In the landscape of Natural Language Processing (NLP), large language models (LLMs) have emerged as powerful tools capable of performing a myriad of tasks, prompting a shift in the strategies used in many NLP projects. One approach to incorporating LLMs into your NLP pipelines, termed “LLM maximalist”, involves delegating all language understanding and generation tasks to a single LLM.

Although this approach holds an allure of simplicity, it comes with significant drawbacks: it’s often computationally expensive and lacks modularity, making adjustments and fine-tuning a challenge.

Instead of the LLM maximalist approach, I propose an alternative: LLM pragmatism. The idea is to break down the task into separate, manageable pieces and treat the LLM as just another module in the system.

To illustrate this concept, let’s walk through a Python-coded example. Suppose you are building a social media reputation management tool that summarizes mentions of your company on platforms like Twitter or Reddit.

# Step 1: Extract mentions
def extract_mentions(posts, company):
    mentions = [post for post in posts if company in post]
    return mentions

company_mentions = extract_mentions(posts, 'your_company_name')

The above function represents the first step in our pipeline: extracting relevant mentions of your company from a list of posts. It’s a simple, deterministic function that doesn’t require an LLM.

However, for the next step, determining sentiment of each mention, we might initially want to use an LLM.

# Step 2: Determine sentiment using an LLM
def get_sentiment(texts, model):
    sentiments = [model.predict(text) for text in texts]
    return sentiments

model = SomeSentimentModel()  # this should be a pre-trained LLM, fine-tuned for sentiment analysis
sentiments = get_sentiment(company_mentions, model)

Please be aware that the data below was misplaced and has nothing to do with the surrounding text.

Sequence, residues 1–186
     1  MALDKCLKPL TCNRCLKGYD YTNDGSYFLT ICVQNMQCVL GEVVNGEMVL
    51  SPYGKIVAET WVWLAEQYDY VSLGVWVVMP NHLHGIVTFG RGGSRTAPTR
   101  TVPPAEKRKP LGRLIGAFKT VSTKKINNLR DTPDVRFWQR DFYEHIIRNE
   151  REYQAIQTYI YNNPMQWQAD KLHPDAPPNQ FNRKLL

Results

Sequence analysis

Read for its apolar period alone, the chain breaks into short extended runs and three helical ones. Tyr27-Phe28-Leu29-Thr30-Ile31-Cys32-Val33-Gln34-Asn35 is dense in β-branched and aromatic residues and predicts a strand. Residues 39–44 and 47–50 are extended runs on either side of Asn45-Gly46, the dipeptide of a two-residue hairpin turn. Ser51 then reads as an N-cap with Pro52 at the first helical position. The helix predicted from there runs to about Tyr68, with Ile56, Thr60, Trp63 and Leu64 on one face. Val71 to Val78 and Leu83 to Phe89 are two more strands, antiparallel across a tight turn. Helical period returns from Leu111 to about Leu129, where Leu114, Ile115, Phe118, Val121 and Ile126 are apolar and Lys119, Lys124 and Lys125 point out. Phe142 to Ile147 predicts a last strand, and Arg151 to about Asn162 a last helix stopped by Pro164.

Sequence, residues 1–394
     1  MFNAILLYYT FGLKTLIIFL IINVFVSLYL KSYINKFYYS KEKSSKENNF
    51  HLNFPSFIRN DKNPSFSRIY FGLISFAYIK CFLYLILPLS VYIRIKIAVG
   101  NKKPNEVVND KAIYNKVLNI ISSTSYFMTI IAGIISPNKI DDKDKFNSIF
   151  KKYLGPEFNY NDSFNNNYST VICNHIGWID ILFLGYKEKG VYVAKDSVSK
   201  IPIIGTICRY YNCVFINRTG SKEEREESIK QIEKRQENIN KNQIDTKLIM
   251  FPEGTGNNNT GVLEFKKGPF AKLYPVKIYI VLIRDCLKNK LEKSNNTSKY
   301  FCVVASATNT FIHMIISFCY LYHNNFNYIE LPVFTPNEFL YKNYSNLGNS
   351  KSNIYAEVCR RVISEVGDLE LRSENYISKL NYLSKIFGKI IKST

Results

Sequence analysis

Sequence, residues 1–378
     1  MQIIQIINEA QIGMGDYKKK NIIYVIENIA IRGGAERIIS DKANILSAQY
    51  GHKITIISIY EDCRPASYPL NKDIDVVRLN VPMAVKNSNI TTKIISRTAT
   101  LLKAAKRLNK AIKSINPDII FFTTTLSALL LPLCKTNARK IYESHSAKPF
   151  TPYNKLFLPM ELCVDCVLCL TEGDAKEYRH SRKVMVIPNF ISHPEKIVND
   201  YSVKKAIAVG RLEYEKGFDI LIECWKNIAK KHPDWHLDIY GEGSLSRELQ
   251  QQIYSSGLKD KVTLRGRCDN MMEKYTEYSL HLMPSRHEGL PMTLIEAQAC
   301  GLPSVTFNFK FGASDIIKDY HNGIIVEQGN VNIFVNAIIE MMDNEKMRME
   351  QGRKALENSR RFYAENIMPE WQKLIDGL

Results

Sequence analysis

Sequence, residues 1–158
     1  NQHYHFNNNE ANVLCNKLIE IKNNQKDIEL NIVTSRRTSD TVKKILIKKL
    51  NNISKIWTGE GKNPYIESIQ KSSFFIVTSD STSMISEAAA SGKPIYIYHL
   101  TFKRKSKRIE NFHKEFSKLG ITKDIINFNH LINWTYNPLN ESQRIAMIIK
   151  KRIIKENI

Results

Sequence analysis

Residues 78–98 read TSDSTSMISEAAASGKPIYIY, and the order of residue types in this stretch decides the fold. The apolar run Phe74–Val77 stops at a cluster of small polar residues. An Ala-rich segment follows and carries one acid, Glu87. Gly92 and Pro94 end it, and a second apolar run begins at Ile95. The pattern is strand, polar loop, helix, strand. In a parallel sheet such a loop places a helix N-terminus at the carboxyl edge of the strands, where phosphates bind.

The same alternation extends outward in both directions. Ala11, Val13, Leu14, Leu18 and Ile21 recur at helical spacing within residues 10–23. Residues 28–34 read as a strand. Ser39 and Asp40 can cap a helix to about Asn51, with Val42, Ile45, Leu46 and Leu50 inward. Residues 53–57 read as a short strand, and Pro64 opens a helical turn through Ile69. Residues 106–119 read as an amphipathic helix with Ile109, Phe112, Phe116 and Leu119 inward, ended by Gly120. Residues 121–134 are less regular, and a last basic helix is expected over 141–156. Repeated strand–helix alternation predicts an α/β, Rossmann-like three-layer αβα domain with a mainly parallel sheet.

The third step is summarizing. This is also something that could be done deterministically.

# Step 3: Summarize
def summarize_mentions(mentions, sentiments):
    pos = [mention for mention, sentiment in zip(mentions, sentiments) if sentiment == 'positive']
    neg = [mention for mention, sentiment in zip(mentions, sentiments) if sentiment == 'negative']
    neutral = [mention for mention, sentiment in zip(mentions, sentiments) if sentiment == 'neutral']
    summary = f"Positive mentions: {len(pos)}, Negative mentions: {len(neg)}, Neutral mentions: {len(neutral)}"
    return summary

summary = summarize_mentions(company_mentions, sentiments)
print(summary)

To further optimize this pipeline, we could train a custom model for sentiment analysis. This requires generating training data, which can be assisted by the LLM.

# Generate training data
def generate_training_data(mentions, model):
    training_data = [(mention, model.predict(mention)) for mention in mentions]
    return training_data

training_data = generate_training_data(company_mentions, model)

# Correct the generated training data manually if needed
for i in range(len(training_data)):
    print(f"Mention: {training_data[i][0]}, Sentiment: {training_data[i][1]}")
    correct_sentiment = input("Enter the correct sentiment: ")
    training_data[i] = (training_data[i][0], correct_sentiment)

Now, you can use this training data to train a more focused sentiment analysis model.

By following the LLM pragmatism approach, we’ve created an NLP pipeline that is modular, scalable, and more cost-effective, while still focusing on a robust and reliable final system.

Using LLMs in this way can help build better systems, breaking down knowledge barriers, aiding in data creation, and improving workflows. We should aim to use LLMs during development, but rely on them as little as possible during runtime, allowing us to train cheaper, faster, and more reliable replacements. This is what I believe is the best use of LLMs in modern Natural Language Processing projects.